Sternberg calls deal fair, says with no new stadium team likely to be sold, moved
Having finally reached what he considers a fair agreement with St. Petersburg to look for stadium sites in Tampa, Rays principal owner Stuart Sternberg restated his confidence in the Tampa Bay area as a strong market for Major League Baseball.
But he also said that if the agreement is not approved and there is no deal in place within the next few years for a new stadium to be built, he likely will sell the team and would expect it to be moved out of the Tampa Bay area when the Trop lease runs out in 2027.
"I'm not leaving. I'm not moving this team. I'm not taking this team out of the area. But that's me,'' Sternberg said at baseball's winter meetings in San Diego. "The chances of me owning this team in 2023 if we don't have a new stadium are probably nil. Somebody else will take it and move it. It's not a threat, just the reality. I won't be sitting here 10 years from now waiting it out to move the team.''
While acknowledging approval by the St. Petersburg City Council on Thursday remains "a big hurdle," Sternberg said he believes that approval can lead to success in the market.
"I think baseball can still flourish down here and I'm looking for the oppotunity to make that happen,'' Sternberg said. "We need to get the building and the location pinpoint perfect for that to happen.''
Sternberg said the terms of the agreement reached with St. Petersburg Mayor Rick Kriseman are pretty much final - "This is it" - and he wouldn't think there is room for anything more than minot changes to terms he described as "just painful enough all around but mostly overly fair and the right thing for the citizens of St. Petersburg.''
More from Sternberg:
(Said he didn't have a gut feeling on the vote): "It's not our area to try to figure out how people are going to view this and vote. In the past with different Councils, some of the same members but different Councils, things get a little funky at times. But I'm certain and I feel confident that I know each of the people on the Council individually have the best interest of the citizens of St. Petersburg at heart and as a baseball guy I belive that having baseball in their midsts, in the citizens of St. Petersburg's midsts, for generations to come, and the city getting its land to use, a lot of acreage to really develop and help the city take off, and, look, it still remains very possible that we still can be in St. Petersburg.''
(On terms of the deal being pretty much final): "This is it. It's a natural thought you do a deal and you argue all the points over it and when it's done everbody always wants to weigh in and try to get more leverage. ... The Council members will have the opportunity to see the deal in its fullest form, it's not overly complicated, but from my vantage point I think it's just painful enough all around but mostly overall fair and the right thing for the citizens of St. Petersburg. But it's not for me to say.''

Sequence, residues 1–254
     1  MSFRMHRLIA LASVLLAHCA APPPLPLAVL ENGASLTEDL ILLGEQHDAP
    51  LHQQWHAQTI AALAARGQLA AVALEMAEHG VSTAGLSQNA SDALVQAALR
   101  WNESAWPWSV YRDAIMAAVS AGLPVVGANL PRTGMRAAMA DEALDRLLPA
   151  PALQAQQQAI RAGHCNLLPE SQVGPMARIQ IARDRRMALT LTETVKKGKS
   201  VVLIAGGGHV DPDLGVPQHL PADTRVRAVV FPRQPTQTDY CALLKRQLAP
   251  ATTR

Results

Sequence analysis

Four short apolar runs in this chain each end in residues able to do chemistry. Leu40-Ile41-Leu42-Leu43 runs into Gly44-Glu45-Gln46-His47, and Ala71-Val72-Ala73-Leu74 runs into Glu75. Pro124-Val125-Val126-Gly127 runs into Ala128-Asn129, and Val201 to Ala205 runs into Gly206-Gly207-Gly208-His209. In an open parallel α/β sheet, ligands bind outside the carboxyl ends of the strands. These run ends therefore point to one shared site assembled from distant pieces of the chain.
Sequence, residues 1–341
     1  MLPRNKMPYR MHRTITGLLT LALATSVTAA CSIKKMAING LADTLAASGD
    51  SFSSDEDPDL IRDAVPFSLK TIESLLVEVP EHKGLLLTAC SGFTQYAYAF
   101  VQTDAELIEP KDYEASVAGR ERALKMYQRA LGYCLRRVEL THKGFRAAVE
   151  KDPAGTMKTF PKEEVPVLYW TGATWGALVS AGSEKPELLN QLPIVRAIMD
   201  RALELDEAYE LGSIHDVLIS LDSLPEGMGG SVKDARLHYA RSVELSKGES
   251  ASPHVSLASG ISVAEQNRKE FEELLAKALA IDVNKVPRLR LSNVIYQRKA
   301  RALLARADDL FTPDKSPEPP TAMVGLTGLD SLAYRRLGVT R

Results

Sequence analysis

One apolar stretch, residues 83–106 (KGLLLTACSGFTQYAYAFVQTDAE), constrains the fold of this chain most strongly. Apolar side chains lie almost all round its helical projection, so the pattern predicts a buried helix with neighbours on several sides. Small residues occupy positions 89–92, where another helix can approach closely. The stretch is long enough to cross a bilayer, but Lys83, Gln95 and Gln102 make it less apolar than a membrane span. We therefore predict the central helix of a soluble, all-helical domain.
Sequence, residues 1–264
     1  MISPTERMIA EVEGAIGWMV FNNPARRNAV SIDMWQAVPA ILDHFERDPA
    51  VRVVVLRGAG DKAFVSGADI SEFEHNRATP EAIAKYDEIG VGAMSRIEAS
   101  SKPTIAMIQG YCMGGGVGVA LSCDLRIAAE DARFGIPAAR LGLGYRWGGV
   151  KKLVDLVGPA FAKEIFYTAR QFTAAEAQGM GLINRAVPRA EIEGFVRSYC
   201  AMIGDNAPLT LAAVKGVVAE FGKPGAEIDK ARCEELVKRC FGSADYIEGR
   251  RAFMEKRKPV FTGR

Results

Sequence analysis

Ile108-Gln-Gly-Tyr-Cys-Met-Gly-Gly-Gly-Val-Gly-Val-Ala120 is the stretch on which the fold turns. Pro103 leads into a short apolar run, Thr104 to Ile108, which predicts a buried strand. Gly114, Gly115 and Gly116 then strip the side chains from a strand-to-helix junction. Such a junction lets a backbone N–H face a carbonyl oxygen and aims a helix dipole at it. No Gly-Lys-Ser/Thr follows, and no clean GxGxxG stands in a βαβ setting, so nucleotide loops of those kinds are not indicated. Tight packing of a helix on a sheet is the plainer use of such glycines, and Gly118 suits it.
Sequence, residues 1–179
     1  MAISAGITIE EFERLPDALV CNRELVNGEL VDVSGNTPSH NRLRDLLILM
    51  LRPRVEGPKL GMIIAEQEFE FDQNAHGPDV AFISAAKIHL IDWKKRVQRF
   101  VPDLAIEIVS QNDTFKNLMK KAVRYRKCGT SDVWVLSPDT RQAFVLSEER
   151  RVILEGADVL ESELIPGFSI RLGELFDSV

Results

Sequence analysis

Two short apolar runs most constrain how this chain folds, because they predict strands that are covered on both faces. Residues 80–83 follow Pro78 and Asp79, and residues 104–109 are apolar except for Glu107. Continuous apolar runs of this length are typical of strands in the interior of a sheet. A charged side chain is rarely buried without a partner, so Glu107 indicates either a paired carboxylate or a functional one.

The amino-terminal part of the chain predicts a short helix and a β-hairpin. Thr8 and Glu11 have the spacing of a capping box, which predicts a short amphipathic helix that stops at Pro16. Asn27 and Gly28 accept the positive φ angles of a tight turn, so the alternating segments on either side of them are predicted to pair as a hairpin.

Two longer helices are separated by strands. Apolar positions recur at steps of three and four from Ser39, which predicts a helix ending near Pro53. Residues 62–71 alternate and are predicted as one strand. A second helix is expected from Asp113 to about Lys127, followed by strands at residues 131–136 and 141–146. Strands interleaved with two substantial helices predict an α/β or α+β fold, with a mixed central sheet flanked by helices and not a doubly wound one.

(On what if it fails Thursday?) "I don't know. There's nothing for me to do at that point. I can't even speculate. People are going to walk in and negotiate again? Re-, re-, re-, re-negotiate. It depends what I guess comes out of it. If it does (fail) I would like to think people have a reason for not voting for it. And if they do I don't know what we can do at that point to satisfy that. We're full at this point. This is it. I don't see us changing this much more than a minor way, if at all.''
(And if it failed, what would you do, seek to get out of lease, move. etc.?) "I dont think so. Unfortunately, it's tough to speculate, but I think we would go back to where we were in 2010, '11, '12, '13, '14, and it'll be 2015. I don't see why it's in the best interests of everybody involved that we don't have this opportunity to look, but obviously I have a bit of a selfish input on that. The earlier, even if we start looking and we get financing and we have to build a place wherever it happens to be, we're in our building for at least the next 4-5 years I would guess. I can't see not. And the lease has 12 years left. It's not like we have 30 years on lease and we're only going to be there for two more.
"So if it doesn't pass we're doomed to leave. The difference now is we get the opportunity to leave, but stay. As opposed to leave and, whoever it is, and leave. Unless something else changes. As time goes by there is way less value for us and less opportnity for us to give more value up for it, to leave. If this takes another six years we're there until 2027 regardless so it's not like we have 12 years left. we have bascially have 5-6 years left and we've already been at this for 7 years so we shall see.''
d nbut kostlly ovegfairl fiar and thre eiught fghting of trth eziitnzns of sty poeyterbutr